'The Troubles we've seen': film, television drama and the Northern Irish conflict in Britain

Research output: Chapter in Book/Report/Conference proceedingChapter


This chapter examines films and television dramas dealing with the impact of the Northern Ireland ‘Troubles’ in Britain and the controversies that they generated. It begins with a consideration of early TV dramas such as The Vanishing Army (1978) and Chance of a Lifetime (1980) dealing with the experiences of the returning British soldier. This is followed by an examination of the representation of the IRA’s activities on the British ‘mainland’ in productions such as The Patriot Game (1969), Hennessy (1975), Eighteen Months to Balcombe Street (1977) and The Long Good Friday (1979) as well as an analysis of how the miscarriages of justice that emerged in the wake of the IRA’s bombing campaigns were turned into (documentary)-dramas such as Who Bombed Birmingham? (1990) and In the Name of the Father (1993). The article then concludes with some consideration of the ‘peace process’ and the relative scarcity of dramas dealing with the divisions and tensions that were a feature of the earlier period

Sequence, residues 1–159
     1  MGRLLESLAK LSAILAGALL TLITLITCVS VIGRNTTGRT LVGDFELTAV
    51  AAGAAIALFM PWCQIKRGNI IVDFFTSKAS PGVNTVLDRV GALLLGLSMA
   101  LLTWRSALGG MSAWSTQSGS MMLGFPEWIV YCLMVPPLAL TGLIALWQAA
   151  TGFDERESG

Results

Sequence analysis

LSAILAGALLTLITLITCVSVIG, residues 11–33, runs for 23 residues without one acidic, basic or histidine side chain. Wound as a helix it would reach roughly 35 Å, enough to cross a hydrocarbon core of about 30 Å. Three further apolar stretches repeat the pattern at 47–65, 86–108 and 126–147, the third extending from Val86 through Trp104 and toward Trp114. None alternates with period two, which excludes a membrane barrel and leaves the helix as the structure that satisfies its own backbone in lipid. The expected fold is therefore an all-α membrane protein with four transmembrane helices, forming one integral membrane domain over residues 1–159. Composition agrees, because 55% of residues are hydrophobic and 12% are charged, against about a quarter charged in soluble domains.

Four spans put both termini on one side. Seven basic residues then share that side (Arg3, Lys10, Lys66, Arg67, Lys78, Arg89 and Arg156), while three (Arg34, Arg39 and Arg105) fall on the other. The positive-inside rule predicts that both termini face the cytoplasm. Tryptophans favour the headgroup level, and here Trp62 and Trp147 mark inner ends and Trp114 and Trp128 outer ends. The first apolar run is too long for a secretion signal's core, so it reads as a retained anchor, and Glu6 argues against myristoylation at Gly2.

Original languageEnglish
Title of host publicationThe Northern Ireland Troubles in Britain
Subtitle of host publicationImpacts, Engagements, Legacies and Memories
EditorsGraham Dawson, Jo Dover, Stephen Hopkins
PublisherManchester University Press
ISBN (Electronic)978-1-5261-0850-0
ISBN (Print)978-0-7190-9632-7 , 978-0-7190-9631-0
Publication statusPublished - 1 Nov 2016

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